We are a gentle, angry people
and we are singing, singing for our lives . . .
— Holly Near
The spirituals choir sang at Union Chapel Saturday night. I knew it was going to be a good night when Malvina Forester found herself a four-hour parking place on Ocean Park. It was.
I just joined the choir this year. This time last year I heard them sing at East Chop lighthouse. Wouldn’t it be cool, I thought, to sing those songs with those people?
So this year I’m doing it.
I’m not a musician. I’m barely a singer. But my life has had one hell of a soundtrack. I’ve learned almost as much history from songs as I have from books. And you can’t immerse yourself in the songs of a people without feeling something of the experience behind those songs.
The spirituals are slave songs, the songs of African slaves on the North American continent from about 1619 through Emancipation, news of which didn’t reach Texas till 1865. They weren’t composed: they evolved in true folk tradition. They were work songs, and at the same time they were songs of aspiration, celebration, and resistance. Some, like “Keep Your Lamp Trimmed and Burning,” “Wade in the Water,” and “Swing Low, Sweet Chariot,” referred specifically to the Underground Railroad, the clandestine network that helped southern slaves escape to the north.
Jim Thomas, leader of the choir, founded the U.S. Slave Song Project in 2005 to educate the public about the songs. Jim has a powerful voice. He can speak, he can testify, he can preach, and damn can he sing! As a student at Fisk University, he sang with the Fisk Jubilee Singers — the group that in the late nineteenth century started bringing slave songs to a wider, and whiter, audience. Since then he’s sung with the Robert Shaw and Paul Hill Chorales and organized choirs in a variety of places. He talks about the history of the songs, and what they signify.
People who hear the songs learn a lot, but people who sing them learn even more. About yearning for a better world, where even slaves would live “In Bright Mansions Above.” About determination to keep moving forward, as in “Don’t You Let Nobody Turn You Round,” “Done Made My Vow to the Lord,” and “Woke Up This Morning (With My Mind Stayed on Freedom).” About the courage and sly humor it took to sing songs that meant one thing to the masters and something entirely different to the slaves.
We sang again at the Unitarian Universalist service on Sunday morning. Union Chapel and the UU meeting house are two of my favorite places on Martha’s Vineyard, and they’re great places to sing.
Sunday night I went to hear Holly Near at the Old Whaling Church, a performance produced by the UUs and the Vineyard Peace Council. Holly was big on the soundtrack of my D.C. days — I heard her live several times and sold her records at Lammas Bookstore. Ever since I left town, the recording made on her 1984 “Lifeline” tour with Ronnie Gilbert, once of the Weavers, has been high on my playlist.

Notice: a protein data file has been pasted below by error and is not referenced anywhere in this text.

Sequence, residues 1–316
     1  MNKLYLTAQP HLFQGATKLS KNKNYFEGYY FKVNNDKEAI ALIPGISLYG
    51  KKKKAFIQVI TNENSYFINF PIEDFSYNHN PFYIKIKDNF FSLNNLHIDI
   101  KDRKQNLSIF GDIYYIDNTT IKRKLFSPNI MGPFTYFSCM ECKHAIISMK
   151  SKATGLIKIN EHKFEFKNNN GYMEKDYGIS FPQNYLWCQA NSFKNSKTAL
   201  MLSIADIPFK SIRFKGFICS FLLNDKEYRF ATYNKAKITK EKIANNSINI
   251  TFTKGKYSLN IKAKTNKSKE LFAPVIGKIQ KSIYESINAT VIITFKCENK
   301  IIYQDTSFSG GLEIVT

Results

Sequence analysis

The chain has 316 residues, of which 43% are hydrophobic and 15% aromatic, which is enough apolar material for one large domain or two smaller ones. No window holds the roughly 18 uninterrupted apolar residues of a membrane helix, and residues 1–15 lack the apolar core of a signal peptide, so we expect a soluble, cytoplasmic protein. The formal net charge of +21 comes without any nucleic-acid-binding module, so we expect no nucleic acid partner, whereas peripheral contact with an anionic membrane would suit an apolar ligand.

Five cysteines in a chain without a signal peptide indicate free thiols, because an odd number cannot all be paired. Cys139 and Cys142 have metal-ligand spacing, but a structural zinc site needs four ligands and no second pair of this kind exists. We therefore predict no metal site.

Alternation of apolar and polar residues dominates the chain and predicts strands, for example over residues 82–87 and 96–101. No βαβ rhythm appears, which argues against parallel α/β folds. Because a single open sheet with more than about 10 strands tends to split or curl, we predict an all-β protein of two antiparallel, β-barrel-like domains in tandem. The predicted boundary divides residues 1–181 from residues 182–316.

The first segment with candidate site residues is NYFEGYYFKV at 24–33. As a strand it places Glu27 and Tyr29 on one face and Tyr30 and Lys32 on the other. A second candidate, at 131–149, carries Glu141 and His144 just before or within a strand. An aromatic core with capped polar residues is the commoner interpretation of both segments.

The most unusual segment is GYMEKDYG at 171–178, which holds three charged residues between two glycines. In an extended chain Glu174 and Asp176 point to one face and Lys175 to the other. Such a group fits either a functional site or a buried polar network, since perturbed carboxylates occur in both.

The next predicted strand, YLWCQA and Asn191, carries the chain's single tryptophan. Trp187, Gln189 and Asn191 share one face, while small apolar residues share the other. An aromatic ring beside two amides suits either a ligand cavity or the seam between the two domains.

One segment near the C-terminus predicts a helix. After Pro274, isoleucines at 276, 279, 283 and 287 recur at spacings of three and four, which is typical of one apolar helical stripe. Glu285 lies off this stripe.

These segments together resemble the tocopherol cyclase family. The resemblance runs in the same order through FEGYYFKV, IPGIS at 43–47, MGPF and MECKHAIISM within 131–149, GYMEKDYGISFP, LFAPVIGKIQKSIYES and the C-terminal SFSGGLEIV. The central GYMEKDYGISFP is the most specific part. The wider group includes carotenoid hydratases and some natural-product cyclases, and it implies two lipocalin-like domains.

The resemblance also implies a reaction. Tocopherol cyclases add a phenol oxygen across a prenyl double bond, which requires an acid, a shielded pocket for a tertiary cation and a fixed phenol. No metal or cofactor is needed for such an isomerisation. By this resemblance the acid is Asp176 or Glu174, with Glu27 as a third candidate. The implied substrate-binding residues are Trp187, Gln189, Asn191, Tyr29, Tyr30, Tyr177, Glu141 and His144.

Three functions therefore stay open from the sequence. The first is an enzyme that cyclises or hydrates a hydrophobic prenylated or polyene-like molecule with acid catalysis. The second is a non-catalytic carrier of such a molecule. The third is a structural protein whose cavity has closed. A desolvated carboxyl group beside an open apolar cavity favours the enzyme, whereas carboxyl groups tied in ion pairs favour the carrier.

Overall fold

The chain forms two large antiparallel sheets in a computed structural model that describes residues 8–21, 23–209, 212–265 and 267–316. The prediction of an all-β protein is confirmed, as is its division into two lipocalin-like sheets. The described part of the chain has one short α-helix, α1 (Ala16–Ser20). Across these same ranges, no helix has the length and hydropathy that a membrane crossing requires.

The Weavers were slightly before my (conscious) time, but as a young antiwar activist I learned their story, how they were blacklisted during McCarthyism’s heyday. Turned out I already knew many of the songs the Weavers had helped make popular, like “Goodnight, Irene,” “Follow the Drinking Gourd” (which is identified with the Underground Railroad), “Pay Me My Money Down,” and “So Long, It’s Been Good to Know You.” And of course I knew of Pete Seeger, a key troubador of the antiwar movement who had strong ties to the civil rights movement too.
In Wasn’t That a Time (1982), the wonderful documentary about the Weavers, there’s a magical sequence where Ronnie Gilbert and Holly Near sing together. (That’s a link to this very scene, which I just discovered on YouTube.) Holly had been part of Ronnie’s tradition from an early age; as they talk and sing together, you see Ronnie becoming part of the tradition that Holly was helping to create. The song they sing is Holly’s “Hay Una Mujer Desaparacida,” memorializing women who were “disappeared” by the U.S.-backed junta in Chile — which draws another musical tradition into the great current, that of La Nueva Canción, the “New Song” movement that rose in Latin America in the early 1960s.
Songs can pull you into experiences you’ve never had and traditions you weren’t born into. Singing together raises power and spirits. As I drove home Sunday night (singing along with one of Springsteen’s Seeger Sessions CDs), planetary survival seemed possible and writing worth doing. Since then the usual doubts have returned, but their influence is muted.
I’m thinking about what we’ve been losing over the last generation or so, as we retreat to our CD players and home entertainment centers to listen to recorded music instead of making it with each other in public spaces. Churches are among the few places where communal singing happens regularly — and look at all the wonderful singers who’ve been trained up in a church!
There’s plenty of music making on Martha’s Vineyard, but not much of it happens at demonstrations and vigils and other places where we gather to make ourselves heard. Five Corners is a favorite place for protests because it’s so visible, but it’s a lousy place for singing. Could that be a big reason that so few people show up?